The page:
This brings me to my next point about populism and its dangers. I was surprised that Dawson skirted around any definitive way to identify a populist leader (or even define populism) as to me, this term is almost synonymous with Latin American politics. Its roots run deep in Latin American political traditions, and its various historical and current rises indicate that, for some reason or another, populist leaders have a vast and intense appeal to the people. Populism can be a great danger to liberal democracies as, among other things, the highly personalistic leadership styles of ‘true’ populists such as Perón and Chavez allow for a personality cult to grip the nation, further distancing people from democracy and leaving them vulnerable to imagined/curated narratives. Populists also tend to be anti-establishment, and in a lot of cases (e.g. Chavez) this has led to a rejection or weakening of democratic institutions such as the judiciary. Further, populism can be characterised as a type of groupthink, which is never a good thing (à la Bay of Pigs). I could sit here for hours and list out all the dangers of populism, however, I will save the effort and instead conclude that just as caudillismo can be seen as a long-standing legacy that has razed the democratic foundations of Latin America, I would argue that so too can populism.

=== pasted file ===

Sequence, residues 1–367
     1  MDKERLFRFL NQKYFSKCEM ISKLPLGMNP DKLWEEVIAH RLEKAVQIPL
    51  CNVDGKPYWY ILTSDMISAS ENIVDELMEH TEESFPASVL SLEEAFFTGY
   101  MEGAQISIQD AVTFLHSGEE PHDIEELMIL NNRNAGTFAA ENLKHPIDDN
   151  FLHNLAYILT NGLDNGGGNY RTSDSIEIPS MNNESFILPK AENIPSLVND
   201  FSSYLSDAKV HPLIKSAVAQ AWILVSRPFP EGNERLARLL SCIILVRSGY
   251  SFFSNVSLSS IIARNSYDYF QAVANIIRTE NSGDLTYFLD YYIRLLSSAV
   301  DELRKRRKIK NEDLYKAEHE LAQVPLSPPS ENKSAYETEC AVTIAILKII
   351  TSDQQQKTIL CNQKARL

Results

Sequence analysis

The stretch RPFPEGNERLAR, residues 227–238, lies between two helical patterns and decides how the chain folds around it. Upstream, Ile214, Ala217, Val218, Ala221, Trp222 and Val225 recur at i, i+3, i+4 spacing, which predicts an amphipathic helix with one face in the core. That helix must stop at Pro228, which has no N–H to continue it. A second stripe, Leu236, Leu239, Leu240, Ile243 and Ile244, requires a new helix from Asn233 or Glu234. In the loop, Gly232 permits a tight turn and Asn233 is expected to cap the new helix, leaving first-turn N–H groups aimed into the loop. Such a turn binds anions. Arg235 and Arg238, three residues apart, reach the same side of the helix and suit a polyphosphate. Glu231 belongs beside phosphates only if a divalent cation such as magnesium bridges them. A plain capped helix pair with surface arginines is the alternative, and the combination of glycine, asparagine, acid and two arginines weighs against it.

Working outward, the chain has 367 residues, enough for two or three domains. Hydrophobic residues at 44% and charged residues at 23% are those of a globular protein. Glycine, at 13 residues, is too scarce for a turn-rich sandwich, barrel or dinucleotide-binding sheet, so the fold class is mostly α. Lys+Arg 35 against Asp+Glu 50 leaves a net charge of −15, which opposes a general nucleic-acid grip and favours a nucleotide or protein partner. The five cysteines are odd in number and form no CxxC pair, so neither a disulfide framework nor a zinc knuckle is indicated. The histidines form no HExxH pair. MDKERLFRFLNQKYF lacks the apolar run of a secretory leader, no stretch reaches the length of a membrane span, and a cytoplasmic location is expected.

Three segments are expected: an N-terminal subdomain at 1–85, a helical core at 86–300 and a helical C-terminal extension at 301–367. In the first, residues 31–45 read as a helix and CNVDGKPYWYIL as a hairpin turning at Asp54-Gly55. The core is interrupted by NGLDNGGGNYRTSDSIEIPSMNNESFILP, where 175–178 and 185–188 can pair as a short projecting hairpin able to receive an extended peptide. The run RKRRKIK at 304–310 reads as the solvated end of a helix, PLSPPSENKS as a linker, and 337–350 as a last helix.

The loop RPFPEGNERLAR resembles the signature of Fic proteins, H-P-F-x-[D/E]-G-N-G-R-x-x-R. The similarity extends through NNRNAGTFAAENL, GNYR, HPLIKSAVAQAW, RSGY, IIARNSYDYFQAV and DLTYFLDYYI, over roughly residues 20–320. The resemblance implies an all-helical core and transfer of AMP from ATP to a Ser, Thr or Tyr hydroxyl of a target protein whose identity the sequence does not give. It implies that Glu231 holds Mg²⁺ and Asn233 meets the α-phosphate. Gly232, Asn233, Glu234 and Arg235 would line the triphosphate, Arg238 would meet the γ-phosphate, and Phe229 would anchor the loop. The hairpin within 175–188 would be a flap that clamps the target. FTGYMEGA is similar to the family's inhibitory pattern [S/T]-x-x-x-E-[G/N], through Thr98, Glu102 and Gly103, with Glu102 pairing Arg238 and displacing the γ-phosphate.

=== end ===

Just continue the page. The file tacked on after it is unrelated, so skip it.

Populism is not limited to Latin America, however. The world seems to have taken a populist turn, with the election of populist leaders such as Trump in the US, Bolsonaro in Brazil, Modi in India, Duterte in the Philippines, Netanyahu in Israel, Ergodan in Turkey, and many more. It is intriguing and a little daunting to think about the implications of these populist leaders in status quo nations for the current of international politics.